November 8, 2005 --- Class 20 --- Simpson's Rule Rederived, Hit or Miss Method
Activities:
Simpson's Rule Rederived
In the last class, starting from the trapezoid rule, we used
the formulae below for correcting the leading 1/N^2 errors.
S_N = A + E/N^2
S_2N = A + E/(2N)^2
so A = 4/3 S_2N -1/3 S_N
Applying this to a one-dimensional itegral, we easily found that
the weighting of the sum of two expressions on the right hand side
exactly coincides with the Simpson's rule formula. We previously
found that Simpson's Rule has a leading error of order 1/N^4. Since
the approach above removes the leading 1/N^2 error and since the
error of the trapezoid rule only has even powers of 1/N (asserted, but
not proved), this is not surprising.
Hit-or-Miss Method
The Hit-or-Miss method and Sample Mean methods are described in
Section 11.2. Let's try the first method and see how well it does.
Program ~sg/src/pi1.c implements the hit-or-miss method using a
random number generator that was in the first edition of Numerical
Recipes. It is called ran1 and the source is in ~sg/src/ran1.c.
You have to tell the program how many "darts you want to throw."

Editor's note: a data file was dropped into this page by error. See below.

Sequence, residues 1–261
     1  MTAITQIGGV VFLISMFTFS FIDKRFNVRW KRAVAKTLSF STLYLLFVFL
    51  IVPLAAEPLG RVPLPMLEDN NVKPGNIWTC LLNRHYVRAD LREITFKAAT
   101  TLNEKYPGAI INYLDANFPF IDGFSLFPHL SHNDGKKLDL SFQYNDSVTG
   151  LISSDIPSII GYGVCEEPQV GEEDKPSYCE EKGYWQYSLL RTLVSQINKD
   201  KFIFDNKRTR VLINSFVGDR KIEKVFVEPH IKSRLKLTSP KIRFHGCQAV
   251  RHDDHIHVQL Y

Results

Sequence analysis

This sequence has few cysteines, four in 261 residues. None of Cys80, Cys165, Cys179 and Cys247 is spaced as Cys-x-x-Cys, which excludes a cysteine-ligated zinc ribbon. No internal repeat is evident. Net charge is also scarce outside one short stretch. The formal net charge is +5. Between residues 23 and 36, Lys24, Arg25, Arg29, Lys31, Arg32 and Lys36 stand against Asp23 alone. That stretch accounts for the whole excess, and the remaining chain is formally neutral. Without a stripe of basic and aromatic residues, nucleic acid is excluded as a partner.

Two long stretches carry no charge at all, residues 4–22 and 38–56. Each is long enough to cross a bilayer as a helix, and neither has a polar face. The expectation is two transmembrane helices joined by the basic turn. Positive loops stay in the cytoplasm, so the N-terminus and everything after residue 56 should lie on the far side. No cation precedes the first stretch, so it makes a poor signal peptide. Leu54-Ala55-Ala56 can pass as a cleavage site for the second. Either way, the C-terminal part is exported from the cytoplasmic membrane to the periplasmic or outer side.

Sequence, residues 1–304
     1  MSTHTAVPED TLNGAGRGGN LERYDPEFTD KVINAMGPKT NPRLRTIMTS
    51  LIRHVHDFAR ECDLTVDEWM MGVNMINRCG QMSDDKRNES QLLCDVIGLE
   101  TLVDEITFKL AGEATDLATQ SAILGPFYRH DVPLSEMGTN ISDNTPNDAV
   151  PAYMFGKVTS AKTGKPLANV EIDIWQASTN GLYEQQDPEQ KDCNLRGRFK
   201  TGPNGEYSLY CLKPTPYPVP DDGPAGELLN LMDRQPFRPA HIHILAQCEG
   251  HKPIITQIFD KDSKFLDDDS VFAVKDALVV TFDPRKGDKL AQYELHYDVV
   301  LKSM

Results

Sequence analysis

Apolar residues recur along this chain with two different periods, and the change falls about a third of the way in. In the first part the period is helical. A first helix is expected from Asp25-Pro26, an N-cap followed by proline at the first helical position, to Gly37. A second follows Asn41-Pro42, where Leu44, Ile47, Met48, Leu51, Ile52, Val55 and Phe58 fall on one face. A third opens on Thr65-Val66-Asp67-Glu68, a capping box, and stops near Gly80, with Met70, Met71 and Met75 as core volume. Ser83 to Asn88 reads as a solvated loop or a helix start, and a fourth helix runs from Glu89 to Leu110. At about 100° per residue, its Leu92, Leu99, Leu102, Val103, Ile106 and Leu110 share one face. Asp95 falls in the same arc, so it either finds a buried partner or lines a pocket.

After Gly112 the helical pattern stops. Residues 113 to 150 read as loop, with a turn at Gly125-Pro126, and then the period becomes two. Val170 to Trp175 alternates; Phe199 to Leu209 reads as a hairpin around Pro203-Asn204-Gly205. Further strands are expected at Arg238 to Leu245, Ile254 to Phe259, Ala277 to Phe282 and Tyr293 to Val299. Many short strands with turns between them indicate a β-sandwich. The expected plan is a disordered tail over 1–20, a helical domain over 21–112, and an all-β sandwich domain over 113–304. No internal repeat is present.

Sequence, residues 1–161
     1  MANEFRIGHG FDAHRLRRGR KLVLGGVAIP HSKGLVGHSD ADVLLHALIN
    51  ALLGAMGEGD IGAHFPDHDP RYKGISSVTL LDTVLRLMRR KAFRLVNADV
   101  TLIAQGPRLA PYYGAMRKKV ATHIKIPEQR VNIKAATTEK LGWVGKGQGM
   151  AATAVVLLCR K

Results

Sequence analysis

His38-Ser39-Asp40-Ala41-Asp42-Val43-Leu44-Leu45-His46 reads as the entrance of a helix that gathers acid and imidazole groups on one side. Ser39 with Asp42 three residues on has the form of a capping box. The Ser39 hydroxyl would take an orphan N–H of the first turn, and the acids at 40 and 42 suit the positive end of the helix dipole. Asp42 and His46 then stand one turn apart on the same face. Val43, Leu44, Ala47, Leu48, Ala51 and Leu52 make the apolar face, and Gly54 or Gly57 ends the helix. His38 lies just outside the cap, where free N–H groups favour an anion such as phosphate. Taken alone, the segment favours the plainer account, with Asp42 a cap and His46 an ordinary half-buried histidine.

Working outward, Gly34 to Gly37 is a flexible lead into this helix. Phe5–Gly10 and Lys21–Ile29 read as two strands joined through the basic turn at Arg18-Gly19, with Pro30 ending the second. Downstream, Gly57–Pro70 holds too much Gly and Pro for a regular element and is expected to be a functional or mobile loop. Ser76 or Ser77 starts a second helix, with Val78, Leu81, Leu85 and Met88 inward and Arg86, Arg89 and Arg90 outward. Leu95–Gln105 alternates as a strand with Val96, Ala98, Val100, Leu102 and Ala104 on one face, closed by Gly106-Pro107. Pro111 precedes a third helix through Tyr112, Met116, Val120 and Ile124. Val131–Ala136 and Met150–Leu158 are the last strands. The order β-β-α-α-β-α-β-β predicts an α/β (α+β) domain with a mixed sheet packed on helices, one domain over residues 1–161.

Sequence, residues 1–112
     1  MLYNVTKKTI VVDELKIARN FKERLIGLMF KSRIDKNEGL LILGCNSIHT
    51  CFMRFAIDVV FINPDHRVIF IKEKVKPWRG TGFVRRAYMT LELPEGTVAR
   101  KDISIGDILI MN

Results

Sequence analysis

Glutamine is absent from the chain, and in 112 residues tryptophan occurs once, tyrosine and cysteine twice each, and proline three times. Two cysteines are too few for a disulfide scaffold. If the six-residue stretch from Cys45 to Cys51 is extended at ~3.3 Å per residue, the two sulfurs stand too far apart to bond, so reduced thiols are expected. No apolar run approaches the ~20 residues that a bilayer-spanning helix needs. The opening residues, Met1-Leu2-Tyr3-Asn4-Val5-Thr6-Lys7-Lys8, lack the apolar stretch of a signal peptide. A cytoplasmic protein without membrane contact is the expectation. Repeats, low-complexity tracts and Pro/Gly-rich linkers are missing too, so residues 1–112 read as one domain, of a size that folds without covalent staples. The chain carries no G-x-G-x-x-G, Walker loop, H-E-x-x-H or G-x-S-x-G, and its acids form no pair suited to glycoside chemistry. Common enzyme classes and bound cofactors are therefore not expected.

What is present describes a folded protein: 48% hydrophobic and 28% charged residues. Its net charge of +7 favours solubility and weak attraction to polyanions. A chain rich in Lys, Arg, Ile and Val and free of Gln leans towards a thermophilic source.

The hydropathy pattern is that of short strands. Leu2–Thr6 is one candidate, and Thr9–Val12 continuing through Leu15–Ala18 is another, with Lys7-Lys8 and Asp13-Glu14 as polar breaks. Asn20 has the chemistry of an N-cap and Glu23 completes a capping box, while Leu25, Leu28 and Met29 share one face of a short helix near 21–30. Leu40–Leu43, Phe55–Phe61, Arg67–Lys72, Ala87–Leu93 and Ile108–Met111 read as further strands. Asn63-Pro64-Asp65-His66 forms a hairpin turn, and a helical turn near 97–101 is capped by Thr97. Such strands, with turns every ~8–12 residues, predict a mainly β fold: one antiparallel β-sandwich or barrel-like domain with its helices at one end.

This is the first command line argument. You may also have it
repeat the experiment multiple times. This is the optional second
argument. Look at the code to see how this is done if you are
unfamiliar with this type of feature. Also note how the random
number generator gets its seed through a call to pid(). This is
the "process id" of the calling routine. It is essentially a
random number. If you like, you can modify the code so that you
specify the seed yourself. This can be very useful when you are
trying to debug the code and want to see if results are
reproducible. Sometimes I set up my code so that it asks for a
seed, but if the seed I give is negative, it calls pid() to get a
random seed. That way, I can do many runs without having to think
up new seeds, and when I want to reproduce runs with a known seed I
can also do that.
Call pi1 with the argument 50 and 500, and send the output to a
file. Each line will have 50 (the number of darts) and the
estimate of pi/4 (the value of the integral).
Hist
It is interesting to look at the distribution of the estimates. One
way to do this is by making a histogram. You break the x-interval
up into different ranges and then count the number of times a
value falls in each range. hist is a program for doing this. I
find it very useful. You are welcome to copy the source code from
~sg/src/hist.c. If you have a file with a bunch of numbers to
histogram, just type hist.c